Mostly, recalled marathon co-founder Dale Kendel, the date just seemed to click with the four-F mandate they envisioned: fitness, family, fundraising and fun.
"With all those ingredients, Father's Day made sense," said Kendel, who was then director of the Association for Community Living. "It became this fixture date that you could say, 'It's the Father's Day marathon,' and everybody knew what date it was going to be. You didn't have to go into your calendars and say, 'Oh, what is it, the third Sunday in June?' It's Father's Day, and people just get ready for it."
So it was that, during one of their earliest meetings, marathon founder John Robertson said 'Let's go with Father's Day.' Those words soon became law. "The next thing we know, it's announced we're doing the marathon on Father's Day," Kendel said. "He was on CBC, so he announced it on TV. Then he wrote an article in the newspaper, and then he was on radio doing interviews. So we were committed right? And it's a great fit. It meets so many of the criteria. It's there."
It was there, it is there, and every year that family connection grows stronger.
The Manitoba Marathon is 36 years old now, passed from parent to child like a torch or a relay baton. This year's winner, Winnipeg's own Brian Walker, was just a kid in the 1980s when he started running the Super Run with his own dad, Tim Walker. Brian's twin brother runs too, and his uncle, Bob Walker, holds the record for the fastest Manitoban even to run this event, finishing in 2:19:06 back in 1981.
In years to come, the marathon torch will pass on to the third generation. Brian Walker is a father himself now, and running is at the heart of his young family's life: Walker's wife, Darolyn, won the half-marathon in 2013 and placed second just one year before. This year, she cheered from the sidelines, following Walker along the course with their toddler son, Braedan, and 11-week-old daughter in tow.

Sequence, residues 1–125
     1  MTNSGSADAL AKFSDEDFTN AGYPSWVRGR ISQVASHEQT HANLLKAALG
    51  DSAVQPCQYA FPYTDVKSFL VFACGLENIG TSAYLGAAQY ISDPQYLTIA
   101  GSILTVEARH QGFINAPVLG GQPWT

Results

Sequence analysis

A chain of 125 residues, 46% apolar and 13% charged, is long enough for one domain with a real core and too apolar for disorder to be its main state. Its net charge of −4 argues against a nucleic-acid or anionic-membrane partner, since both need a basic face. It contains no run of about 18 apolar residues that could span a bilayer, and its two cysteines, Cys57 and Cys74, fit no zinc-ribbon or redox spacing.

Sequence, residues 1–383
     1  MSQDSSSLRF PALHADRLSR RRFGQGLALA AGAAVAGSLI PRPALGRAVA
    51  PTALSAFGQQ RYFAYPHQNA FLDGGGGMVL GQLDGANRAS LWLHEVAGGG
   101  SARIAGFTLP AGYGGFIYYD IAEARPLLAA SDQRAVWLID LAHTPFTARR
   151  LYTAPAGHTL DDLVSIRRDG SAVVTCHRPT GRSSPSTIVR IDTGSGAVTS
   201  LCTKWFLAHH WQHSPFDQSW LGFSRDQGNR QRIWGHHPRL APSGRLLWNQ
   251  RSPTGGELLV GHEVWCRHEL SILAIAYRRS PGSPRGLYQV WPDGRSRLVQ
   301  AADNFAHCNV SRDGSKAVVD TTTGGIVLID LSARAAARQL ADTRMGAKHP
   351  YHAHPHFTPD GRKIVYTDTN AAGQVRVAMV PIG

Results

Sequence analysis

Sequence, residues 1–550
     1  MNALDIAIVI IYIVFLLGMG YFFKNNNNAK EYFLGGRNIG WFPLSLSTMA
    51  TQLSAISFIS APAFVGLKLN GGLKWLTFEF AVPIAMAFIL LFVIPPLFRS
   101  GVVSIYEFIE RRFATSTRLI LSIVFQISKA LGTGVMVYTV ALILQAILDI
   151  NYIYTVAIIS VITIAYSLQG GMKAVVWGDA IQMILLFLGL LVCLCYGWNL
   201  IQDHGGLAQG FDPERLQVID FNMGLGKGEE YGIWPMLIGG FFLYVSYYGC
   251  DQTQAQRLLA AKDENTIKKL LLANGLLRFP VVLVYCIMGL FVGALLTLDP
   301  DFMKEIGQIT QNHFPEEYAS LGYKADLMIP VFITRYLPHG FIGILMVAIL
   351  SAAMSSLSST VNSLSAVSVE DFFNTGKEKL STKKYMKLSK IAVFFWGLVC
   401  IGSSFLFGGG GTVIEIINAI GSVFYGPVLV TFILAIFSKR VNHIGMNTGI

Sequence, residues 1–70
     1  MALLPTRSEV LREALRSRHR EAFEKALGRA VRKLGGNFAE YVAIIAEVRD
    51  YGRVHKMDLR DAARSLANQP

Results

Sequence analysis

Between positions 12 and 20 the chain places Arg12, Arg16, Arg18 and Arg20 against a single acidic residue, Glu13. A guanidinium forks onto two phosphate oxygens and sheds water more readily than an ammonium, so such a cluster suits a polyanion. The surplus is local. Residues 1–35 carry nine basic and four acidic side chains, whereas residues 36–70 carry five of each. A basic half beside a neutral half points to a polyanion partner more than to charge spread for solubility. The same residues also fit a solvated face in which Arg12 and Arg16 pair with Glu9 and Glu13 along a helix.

The kids were decked out in shirts that read Go Daddy Go, with a sketch of a running shoe. Maybe someday, they'll be winning marathons too. "It's a real family thing with us," Walker said. "Every Father's Day, this is sort of what we do, whether it's the relay, or the half or the full. I don't really remember a Father's Day where the marathon hasn't been part of the day. You get up at 4:30 a.m., and you come out, and everyone runs. It's just a fun event to be part of."
For every torch passed at this Father's Day marathon, even more are being lit.
As the morning drizzle swelled into a pelting rain, Ray McCoy and his son, Kyle, 18, retreated under a spreading tree. They looked an athletic pair. Ray is a longtime triathlete; Kyle hopes to snag a spot on the University of Manitoba Bisons track team. On Sunday, his young legs propelled him across the finish line almost two minutes faster than his dad. Then he turned to wait: He knew his father was close behind. He could make out his shape even from almost a mile away.
"It was my Father's Day gift to him," Kyle said. "Part of it, at least."
This was the younger McCoy's first marathon, though his father has run about eight before. Since Kyle started getting into long-distance running, the duo switched their training focus to that, spending long hours running around Winnipeg with music pumping through their headphones. "It's funny: A lot of our communication is non-verbal," Ray said of the connection that running has grown. "It's almost like a sixth sense that we develop running together. It's fun."
Now, all that work culminated in a Father's Day marathon run, a gift of sorts to father, from son. Both fell short of the goals they had set, as they battled the bristling chill and the slopping wet, but they started and finished it together. And for the first time, that was enough.
As for the rest of Father's Day? "I'm thinking the couch," Ray said with a grin. "And drying off."